• Root Cause Analysis tools helped to reduce system complexity, visualize trends and outliers, and turn data into insight


The team from AdventHealth – Jean Hood, Mary Jo Thompson, and Enoch Dinsley – then discussed their organization’s process for utilizing actionable data to improve patient safety and their experience with a new RMIS implementation as part of that journey.

Read Next: How to Align Patient Safety Technology with Healthcare’s Largest Complexity

Established in 1973, AdventHealth currently operates 50 hospital campuses, 10 skilled nursing facilities, 18 home health and hospice agencies, and 40+ urgent care facilities across nine states with over 80,000 employees and physicians serving 5,000,000+ patients annually.

With a large footprint, the team at AdventHealth found that their previous vendor was becoming obsolete, with unreliable product support and cumbersome analytic reports. Recognizing the need for a new system to support the organization’s growing number of locations, employees, and patients, the team embarked on the search for a new system, and outlined a few key requirements, including patient safety incident reporting, employee safety incident reporting, claim management, workers’ compensation, regulatory reporting, insurance, and accounting.

After recapping their vendor selection process, the team then walked through the process of starting over with Origami as their new healthcare risk management system, how they went about moving from their current state to an ideal state, the data migration process, and implementation experience. As Mary Jo Thompson put it, “we recognized a golden opportunity to add improved standardization to our process” and as a result, the team developed a data dictionary for improved use by the end-user.

Read Next: The Guide to Selecting a Healthcare Risk Management Solution

Lastly, the team summarized key lessons learned from their technology journey:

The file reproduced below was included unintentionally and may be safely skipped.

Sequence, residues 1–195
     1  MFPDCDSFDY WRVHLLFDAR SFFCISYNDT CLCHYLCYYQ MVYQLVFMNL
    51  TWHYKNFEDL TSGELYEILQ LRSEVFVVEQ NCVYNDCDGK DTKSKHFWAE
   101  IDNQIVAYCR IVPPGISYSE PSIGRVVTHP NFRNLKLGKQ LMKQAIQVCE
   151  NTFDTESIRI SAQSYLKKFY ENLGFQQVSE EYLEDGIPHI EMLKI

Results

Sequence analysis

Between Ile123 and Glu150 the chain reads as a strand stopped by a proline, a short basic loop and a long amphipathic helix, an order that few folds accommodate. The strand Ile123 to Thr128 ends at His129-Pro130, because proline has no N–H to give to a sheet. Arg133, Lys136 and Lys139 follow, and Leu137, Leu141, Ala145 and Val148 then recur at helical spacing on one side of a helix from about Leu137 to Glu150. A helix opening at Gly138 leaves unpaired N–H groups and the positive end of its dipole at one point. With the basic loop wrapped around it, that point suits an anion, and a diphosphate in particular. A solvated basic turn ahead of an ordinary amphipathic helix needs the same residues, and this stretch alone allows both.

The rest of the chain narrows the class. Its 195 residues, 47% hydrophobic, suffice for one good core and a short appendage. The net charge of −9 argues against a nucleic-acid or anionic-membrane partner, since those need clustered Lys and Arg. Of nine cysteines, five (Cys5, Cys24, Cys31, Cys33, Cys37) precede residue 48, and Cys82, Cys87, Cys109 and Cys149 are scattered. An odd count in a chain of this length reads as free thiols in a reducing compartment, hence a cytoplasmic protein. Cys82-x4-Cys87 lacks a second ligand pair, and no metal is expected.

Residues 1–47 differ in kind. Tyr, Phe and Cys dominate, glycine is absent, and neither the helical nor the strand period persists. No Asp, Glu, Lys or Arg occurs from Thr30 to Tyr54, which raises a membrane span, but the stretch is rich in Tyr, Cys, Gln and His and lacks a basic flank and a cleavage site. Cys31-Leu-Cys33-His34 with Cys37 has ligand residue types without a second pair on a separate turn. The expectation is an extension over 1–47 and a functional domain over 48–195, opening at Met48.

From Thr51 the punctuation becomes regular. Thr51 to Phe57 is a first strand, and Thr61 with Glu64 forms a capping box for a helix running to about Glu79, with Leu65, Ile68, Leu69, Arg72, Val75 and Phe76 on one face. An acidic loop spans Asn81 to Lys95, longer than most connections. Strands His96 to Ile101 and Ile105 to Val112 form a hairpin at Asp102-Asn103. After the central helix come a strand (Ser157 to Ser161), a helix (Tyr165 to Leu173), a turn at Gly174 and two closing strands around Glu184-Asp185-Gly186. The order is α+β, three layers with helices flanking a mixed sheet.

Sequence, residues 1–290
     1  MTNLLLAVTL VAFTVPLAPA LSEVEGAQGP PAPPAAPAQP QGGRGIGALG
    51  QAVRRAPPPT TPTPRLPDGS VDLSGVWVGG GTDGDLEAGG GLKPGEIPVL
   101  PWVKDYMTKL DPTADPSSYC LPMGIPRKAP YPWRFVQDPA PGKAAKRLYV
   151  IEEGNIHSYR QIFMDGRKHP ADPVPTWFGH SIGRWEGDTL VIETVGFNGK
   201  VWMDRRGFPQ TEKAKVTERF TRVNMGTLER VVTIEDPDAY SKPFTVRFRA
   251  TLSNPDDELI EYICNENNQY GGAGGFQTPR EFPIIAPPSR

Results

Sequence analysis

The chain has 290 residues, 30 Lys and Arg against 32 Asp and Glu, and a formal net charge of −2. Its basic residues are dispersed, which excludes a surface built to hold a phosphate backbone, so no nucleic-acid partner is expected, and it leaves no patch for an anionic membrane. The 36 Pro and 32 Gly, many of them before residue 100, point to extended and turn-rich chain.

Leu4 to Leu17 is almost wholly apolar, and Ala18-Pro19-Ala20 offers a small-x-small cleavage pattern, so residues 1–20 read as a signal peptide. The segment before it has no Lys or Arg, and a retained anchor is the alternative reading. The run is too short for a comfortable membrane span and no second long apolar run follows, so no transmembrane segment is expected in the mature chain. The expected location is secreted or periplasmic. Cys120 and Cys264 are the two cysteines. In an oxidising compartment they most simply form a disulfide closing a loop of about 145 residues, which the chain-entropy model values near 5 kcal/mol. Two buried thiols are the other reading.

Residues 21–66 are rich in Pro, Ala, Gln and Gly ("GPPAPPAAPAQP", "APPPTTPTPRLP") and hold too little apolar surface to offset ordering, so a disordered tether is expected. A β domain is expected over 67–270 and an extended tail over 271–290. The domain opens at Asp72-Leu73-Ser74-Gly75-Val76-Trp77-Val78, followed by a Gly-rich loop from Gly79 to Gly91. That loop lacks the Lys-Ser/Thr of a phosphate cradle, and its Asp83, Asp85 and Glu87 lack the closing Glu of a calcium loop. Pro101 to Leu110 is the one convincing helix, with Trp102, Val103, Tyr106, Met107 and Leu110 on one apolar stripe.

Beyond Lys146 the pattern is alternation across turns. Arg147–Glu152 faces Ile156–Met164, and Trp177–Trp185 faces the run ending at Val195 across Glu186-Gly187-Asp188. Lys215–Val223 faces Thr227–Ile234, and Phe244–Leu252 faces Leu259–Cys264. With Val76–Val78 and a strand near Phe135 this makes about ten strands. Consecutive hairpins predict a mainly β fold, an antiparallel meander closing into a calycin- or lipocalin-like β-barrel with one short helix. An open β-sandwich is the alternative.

• Implementation of an easy-to-customize software system has helped to easily respond to emerging requirements, evolve with the organization, and shift to a more proactive approach
  • Implementation of a Data Dictionary standardized event entry, improved trending and analysis capabilities, and increased organizational learning
  • Customized dynamic dashboards helped identify areas for improvement, and improve communication capabilities and rapid buy-in

Closing Thoughts

Closing out the discussion, Bill highlighted that the panelists outlined proven examples of how technology can help “move the patient safety needle” including insights such as:

  • Organizational design and ease of use both have a significant impact
  • Integration with existing tools yields high results & increased satisfaction
  • Single system approach = deeper insights
  • Standardization of data and analytics = decision-making ability
  • Configuration, now and in the future, allows organizations to change and adapt

Bill concluded the discussion by discussing how increasing complexity in healthcare, coupled with the onslaught of emerging trends and growth and consolidation in the healthcare industry, means that the status quo of using disparate technology to manage risks and patient safety initiatives, is no longer viable. If healthcare organizations are to move beyond the issues posed by homegrown systems, outdated, and static technologies, they need to adopt strategies that enable everyone in the organization to actively participate in the event management process. 

With a highly-configurable and extendable technology platform, healthcare organizations can break down the silos and culture limitations that keep them stuck, and ultimately move to a more proactive position, reduce risks of burnout, and position themselves to move toward zero harm and improve the patient experience.

To learn more about how Origami Risk can help your organization improve its patient safety program, read our white paper “Improving Patient Safety: 6 Ways to Move Beyond the Status Quo,” or start a conversation with us. To watch the full panel on-demand, click here.